Camp Wanocksett Program

We support the troop program. Our schedule should not be used as a substitute for your troop program. In fact, the daily or weekly schedule is not a program. It is an instrument for planning and for administering the troop program. It is a timetable for certain formal activities and a list of opportunities. The schedule provides a means for mobilizing the program resources of the camp and constructing a balanced experience for each boy.

The key words are accommodation and customer service. What can we do for you this summer? That is the Wanocksett Experience. Baden Powell once said that the patrol was the secret to success in Scouting. The Patrol method is central to good Scouting. There must be certain activities over which the patrol has complete responsibility. The patrol method develops the boys’ teamwork and leadership skills and can increase Scout spirit.

At Wanocksett, we believe in the truth of this point so much that we include specific opportunities designed to facilitate the strengthening of the patrols in your troop. The purpose of the camp is to provide experiences for the troop that will make it better able to plan and conduct its own program. The services of the camp staff are of a consulting and empowering nature. The central camp staff and the troop leaders develop the program cooperatively. The troop is responsible for its own program in camp, as it is in its town.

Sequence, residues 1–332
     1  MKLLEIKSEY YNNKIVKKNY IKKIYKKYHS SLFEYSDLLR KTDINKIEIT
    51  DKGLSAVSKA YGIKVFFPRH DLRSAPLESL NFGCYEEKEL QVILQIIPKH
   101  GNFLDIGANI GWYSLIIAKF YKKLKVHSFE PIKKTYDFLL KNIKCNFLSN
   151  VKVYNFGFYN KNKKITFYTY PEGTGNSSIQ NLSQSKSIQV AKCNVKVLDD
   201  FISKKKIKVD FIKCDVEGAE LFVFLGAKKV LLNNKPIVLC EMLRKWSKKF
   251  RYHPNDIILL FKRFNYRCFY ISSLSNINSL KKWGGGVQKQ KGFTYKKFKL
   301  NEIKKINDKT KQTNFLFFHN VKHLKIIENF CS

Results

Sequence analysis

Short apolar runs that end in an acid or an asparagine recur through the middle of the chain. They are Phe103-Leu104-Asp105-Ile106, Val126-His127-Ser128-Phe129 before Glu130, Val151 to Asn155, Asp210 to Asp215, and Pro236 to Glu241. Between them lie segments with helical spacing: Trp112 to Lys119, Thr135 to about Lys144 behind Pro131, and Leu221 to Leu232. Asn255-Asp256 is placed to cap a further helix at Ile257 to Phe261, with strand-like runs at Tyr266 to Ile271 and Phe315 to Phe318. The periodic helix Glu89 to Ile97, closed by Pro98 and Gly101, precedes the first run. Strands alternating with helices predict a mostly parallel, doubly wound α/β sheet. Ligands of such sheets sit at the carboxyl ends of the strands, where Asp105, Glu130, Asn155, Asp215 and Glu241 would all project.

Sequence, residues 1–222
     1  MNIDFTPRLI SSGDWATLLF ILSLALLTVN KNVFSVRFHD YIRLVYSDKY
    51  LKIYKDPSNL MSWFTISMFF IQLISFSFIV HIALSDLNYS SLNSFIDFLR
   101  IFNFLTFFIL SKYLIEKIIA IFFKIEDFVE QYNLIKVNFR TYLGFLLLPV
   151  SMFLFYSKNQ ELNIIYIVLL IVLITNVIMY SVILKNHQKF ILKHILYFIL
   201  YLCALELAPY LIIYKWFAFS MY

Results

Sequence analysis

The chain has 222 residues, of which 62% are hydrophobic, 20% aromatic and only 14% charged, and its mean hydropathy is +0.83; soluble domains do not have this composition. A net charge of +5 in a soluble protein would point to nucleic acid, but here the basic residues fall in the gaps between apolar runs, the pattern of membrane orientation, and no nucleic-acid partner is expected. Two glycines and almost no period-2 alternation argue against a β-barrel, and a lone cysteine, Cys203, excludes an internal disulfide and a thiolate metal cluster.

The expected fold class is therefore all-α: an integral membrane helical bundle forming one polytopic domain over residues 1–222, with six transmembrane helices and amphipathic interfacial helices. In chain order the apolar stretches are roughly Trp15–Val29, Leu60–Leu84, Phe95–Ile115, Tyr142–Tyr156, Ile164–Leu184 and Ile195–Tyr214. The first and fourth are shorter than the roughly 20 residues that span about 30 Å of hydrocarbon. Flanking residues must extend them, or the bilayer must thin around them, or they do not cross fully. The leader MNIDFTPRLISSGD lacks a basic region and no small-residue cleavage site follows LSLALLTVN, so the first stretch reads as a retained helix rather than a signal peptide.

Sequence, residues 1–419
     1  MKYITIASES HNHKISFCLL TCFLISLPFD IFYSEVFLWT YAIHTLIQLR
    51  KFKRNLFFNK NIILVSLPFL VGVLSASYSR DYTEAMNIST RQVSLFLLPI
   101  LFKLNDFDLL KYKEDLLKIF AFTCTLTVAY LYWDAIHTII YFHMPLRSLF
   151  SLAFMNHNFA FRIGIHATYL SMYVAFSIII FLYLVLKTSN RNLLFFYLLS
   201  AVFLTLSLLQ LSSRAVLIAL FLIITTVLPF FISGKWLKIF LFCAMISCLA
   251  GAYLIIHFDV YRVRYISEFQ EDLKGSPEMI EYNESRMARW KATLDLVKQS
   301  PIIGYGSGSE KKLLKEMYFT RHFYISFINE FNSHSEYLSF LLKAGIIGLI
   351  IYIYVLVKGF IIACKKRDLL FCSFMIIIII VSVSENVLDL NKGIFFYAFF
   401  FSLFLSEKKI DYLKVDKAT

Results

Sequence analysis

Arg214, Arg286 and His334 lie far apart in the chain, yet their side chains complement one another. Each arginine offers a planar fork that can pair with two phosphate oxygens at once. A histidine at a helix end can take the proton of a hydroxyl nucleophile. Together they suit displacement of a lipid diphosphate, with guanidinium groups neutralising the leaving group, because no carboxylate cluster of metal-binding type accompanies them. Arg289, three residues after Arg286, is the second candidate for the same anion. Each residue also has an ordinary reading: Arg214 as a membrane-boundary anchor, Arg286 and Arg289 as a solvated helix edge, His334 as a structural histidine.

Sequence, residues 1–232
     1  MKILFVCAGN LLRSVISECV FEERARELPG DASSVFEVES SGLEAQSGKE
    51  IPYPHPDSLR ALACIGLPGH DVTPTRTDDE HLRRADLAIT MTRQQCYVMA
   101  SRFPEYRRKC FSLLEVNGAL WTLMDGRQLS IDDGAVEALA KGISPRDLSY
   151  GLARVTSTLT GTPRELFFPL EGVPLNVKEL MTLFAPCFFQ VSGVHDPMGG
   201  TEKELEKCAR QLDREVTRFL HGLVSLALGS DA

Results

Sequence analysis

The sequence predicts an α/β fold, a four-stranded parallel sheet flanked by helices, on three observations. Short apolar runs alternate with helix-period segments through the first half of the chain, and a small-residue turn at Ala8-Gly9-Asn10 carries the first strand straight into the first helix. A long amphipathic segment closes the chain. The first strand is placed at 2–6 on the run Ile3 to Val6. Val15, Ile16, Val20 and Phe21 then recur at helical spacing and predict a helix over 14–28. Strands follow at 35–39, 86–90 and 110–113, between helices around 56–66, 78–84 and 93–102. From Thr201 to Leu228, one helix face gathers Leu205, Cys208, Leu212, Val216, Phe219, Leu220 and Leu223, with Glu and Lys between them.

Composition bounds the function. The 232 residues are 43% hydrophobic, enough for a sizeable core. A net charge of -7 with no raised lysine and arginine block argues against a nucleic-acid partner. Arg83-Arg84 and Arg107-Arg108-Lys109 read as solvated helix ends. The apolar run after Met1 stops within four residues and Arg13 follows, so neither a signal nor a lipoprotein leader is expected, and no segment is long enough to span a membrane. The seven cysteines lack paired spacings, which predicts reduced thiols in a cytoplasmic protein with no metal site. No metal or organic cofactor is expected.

Program Structure

Camp Wanocksett has two structured merit badge sessions in the morning followed by Patrol Centered Programming. A third merit badge session takes place in the afternoon, followed by an open program format, which continues until retreat and after dinner.

Merit Badge Sessions

Merit Badges are the core of the Wanocksett Program. Everyday, Scouts will go to three sessions of merit badges. They can earn these badges in any area of camp. Some badges require additional supplies, outside work, or have age/weight requirements. These are listed for each badge in the Program Areas section.

Selecting Merit Badges

Selecting a merit badge depends on a variety of factors – the Scout’s age, abilities, and the troop’s year round program. Each Scout’s schedule should be challenging and push the Scout towards developing initiative, follow-through, and ultimately success with completion of the merit badge. Units can register online or with a paper form found at the back of this guide. This makes it easier for the camp to process the sign-ups and best serve the needs of each boy. Scouts always receive their choice in badges, though we may move periods to reduce class sizes for the best instruction possible.